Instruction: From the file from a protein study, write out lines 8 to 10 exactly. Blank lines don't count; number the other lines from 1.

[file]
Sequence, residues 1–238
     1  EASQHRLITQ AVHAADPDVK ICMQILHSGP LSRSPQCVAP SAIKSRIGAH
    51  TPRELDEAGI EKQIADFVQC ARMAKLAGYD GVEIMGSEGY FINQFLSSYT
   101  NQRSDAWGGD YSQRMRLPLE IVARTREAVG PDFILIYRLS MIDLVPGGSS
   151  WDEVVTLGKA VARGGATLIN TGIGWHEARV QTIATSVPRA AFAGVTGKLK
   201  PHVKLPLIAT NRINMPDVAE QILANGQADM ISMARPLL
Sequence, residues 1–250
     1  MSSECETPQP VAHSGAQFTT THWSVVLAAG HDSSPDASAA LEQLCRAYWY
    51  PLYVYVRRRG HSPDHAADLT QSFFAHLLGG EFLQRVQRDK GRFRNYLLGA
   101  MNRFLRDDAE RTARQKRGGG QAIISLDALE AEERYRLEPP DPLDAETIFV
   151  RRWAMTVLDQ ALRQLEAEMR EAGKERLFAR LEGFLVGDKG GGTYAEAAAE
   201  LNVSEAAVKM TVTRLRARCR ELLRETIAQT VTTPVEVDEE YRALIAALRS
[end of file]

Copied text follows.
     1  MSSECETPQP VAHSGAQFTT THWSVVLAAG HDSSPDASAA LEQLCRAYWY
    51  PLYVYVRRRG HSPDHAADLT QSFFAHLLGG EFLQRVQRDK GRFRNYLLGA
   101  MNRFLRDDAE RTARQKRGGG QAIISLDALE AEERYRLEPP DPLDAETIFV